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From Orange County to the Women's March: one student's path to activism

Emma Giles has been a pro-choice advocate since coming to ASU

Emma Giles

ASU spanish language and culture junior Emma Giles poses for a photo on Hayden Lawn in Tempe, Arizona, on Friday, March 16, 2018.

When Emma Giles was growing up in Orange County, California, a place she calls "lovely but very much a bubble," she never thought she would end up marching in the streets in support of women's rights.

When Giles, a management and Spanish junior, moved from the O.C. to Tempe to attend ASU, she realized the world was more complicated and more troubled than she had grown up believing. She had spent high school involved in her school's theater program. She figured she would work in entertainment, and her focus rested solely on that.

When she started college, she met friends who exposed her to different point of views and became active in clubs across campus including Honors Devils, the Young Democrats and the Sun Devil Support Network.

In 2017, she worked with her friend Pashmi Mehta, a business management and sustainability junior, to launch The Period Project. The project provided feminine hygiene products to students in the Barrett restrooms. 

“I came to her with the idea for The Period Project," Mehta said. "She was super willing to help out.” 

Mehta and Giles met freshman year in their dorm. Mehta watched as Giles developed her beliefs and became increasingly passionate.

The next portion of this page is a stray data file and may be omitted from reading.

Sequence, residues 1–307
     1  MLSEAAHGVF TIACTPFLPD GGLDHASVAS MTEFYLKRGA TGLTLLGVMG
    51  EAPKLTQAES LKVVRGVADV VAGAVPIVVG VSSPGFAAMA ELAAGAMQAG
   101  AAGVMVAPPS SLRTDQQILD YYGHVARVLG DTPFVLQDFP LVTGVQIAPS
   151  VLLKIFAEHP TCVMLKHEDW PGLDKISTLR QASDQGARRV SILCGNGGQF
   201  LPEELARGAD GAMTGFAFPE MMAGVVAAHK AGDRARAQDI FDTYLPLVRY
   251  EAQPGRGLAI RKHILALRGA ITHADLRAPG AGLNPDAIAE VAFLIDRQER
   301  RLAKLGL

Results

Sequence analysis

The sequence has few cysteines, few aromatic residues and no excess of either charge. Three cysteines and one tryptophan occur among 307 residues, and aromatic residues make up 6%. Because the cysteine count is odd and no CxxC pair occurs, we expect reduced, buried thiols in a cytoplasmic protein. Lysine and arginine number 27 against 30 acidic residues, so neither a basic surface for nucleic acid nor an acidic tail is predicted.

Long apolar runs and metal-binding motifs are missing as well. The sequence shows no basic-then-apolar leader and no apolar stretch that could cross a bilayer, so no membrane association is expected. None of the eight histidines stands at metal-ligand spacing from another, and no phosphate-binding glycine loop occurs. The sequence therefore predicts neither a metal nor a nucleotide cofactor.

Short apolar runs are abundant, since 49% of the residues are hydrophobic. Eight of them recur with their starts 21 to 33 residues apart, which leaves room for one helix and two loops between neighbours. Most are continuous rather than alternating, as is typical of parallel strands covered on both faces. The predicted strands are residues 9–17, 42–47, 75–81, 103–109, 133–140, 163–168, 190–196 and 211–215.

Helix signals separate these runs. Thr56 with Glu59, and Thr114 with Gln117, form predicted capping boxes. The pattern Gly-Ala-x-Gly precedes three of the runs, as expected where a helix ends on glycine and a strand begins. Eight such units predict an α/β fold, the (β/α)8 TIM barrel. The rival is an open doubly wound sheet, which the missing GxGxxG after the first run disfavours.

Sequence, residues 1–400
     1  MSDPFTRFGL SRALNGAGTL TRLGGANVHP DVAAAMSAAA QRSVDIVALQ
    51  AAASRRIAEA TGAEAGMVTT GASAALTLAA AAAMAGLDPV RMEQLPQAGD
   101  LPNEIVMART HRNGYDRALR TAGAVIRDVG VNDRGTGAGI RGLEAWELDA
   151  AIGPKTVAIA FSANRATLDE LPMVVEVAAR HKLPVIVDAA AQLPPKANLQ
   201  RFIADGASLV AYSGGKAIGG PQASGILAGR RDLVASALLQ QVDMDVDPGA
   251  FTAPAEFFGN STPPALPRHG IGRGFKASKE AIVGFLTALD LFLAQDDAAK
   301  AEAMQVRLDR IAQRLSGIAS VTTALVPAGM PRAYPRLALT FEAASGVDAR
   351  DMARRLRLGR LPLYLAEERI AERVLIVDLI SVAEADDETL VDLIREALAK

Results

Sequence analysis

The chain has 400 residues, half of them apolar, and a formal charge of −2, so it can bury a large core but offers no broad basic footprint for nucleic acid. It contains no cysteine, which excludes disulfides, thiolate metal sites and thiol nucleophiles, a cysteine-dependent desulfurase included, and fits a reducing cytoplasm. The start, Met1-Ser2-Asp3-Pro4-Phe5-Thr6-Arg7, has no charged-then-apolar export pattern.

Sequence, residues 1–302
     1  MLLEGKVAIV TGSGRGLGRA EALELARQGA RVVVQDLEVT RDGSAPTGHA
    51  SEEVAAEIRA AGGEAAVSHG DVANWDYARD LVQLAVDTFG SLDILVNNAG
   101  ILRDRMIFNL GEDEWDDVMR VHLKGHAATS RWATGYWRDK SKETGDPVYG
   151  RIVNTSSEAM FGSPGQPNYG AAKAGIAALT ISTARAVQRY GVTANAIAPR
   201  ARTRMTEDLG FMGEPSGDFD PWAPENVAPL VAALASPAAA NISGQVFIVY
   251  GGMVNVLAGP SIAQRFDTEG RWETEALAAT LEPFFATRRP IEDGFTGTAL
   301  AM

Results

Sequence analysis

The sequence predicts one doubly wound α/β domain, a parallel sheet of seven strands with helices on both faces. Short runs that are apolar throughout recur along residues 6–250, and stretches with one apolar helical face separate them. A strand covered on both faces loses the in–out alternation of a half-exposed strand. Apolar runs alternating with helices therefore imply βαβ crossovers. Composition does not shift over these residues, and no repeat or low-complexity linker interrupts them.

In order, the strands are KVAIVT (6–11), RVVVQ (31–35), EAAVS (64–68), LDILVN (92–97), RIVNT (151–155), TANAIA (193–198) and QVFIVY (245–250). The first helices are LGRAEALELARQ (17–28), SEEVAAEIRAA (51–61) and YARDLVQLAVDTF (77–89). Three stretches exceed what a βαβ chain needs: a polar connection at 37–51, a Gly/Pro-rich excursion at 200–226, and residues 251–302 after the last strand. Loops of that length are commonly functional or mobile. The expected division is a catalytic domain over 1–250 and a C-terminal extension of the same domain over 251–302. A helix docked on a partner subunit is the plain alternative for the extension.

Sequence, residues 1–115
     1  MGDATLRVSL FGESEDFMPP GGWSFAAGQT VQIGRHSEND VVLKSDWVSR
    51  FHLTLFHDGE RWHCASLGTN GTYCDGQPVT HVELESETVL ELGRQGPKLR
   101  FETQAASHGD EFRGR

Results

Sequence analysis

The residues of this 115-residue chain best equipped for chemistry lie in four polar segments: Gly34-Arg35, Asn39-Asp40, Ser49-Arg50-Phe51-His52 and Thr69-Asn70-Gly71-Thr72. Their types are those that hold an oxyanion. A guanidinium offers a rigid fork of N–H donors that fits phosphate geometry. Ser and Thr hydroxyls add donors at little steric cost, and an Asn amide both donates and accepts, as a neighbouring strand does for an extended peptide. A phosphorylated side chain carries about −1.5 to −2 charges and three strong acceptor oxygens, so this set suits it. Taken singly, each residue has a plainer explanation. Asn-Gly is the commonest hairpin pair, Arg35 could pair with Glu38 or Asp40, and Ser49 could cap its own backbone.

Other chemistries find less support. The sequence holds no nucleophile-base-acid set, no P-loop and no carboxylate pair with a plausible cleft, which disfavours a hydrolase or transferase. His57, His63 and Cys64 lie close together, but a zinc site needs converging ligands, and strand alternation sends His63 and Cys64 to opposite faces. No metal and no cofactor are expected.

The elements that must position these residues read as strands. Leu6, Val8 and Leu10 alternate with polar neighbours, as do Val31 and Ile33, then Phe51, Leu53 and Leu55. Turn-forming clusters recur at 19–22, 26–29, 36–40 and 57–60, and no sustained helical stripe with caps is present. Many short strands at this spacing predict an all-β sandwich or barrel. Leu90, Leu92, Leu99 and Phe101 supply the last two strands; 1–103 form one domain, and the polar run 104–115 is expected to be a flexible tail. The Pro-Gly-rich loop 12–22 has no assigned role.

“When I first met her – she’s from Orange County, California where everyone is kinda the same,” Mehta said. “Then, she joined Young Dems and became really involved in a leadership role, so I’ve really seen growth in that aspect.”

Giles joined Young Democrats during her sophomore year and became the recruitment and events coordinator on the executive board. Young Democrats president and political science junior Jesse Avalos said Giles is an asset to the organization.

"I really appreciate her being active with us because she is a true example of what it means to make sure that we have intersectional and diverse voices on the board," Avalos said.

One of the main tenets of the Young Democrats is their support for the pro-choice movement.

"Pro-choice to me means that women have the right to their bodies," Giles said.

As part of Giles's pro-choice activism, she attended the Arizona Women's March with other members of the Young Democrats. She called the experience "amazing" and "empowering." 

Giles and her friends hoisted "FEMINIST" and "EMPOWHERMENT" signs. They marched in support of women's rights and the pro-choice fight.

"Pro-choice is not about wanting abortions to happen," Giles said. "It's about letting it be legal so that there aren't women out there doing it illegally and harming their own bodies because they can't handle having a kid."

In her political activism, Giles is focused on the availability of birth control, the safety of abortions and women's health.

Her message is simple.

"You shouldn't have a rule over my body," Giles said. "The government should not have regulations over my body. They don't have regulations over men's bodies."

This profile is a part of a series of stories featuring activists on campus.

Read more:

From Supreme Court to campus tabling, ASU activist promotes "pro-life feminism"

From D.C. to Arizona, DACA activist fights for her dream

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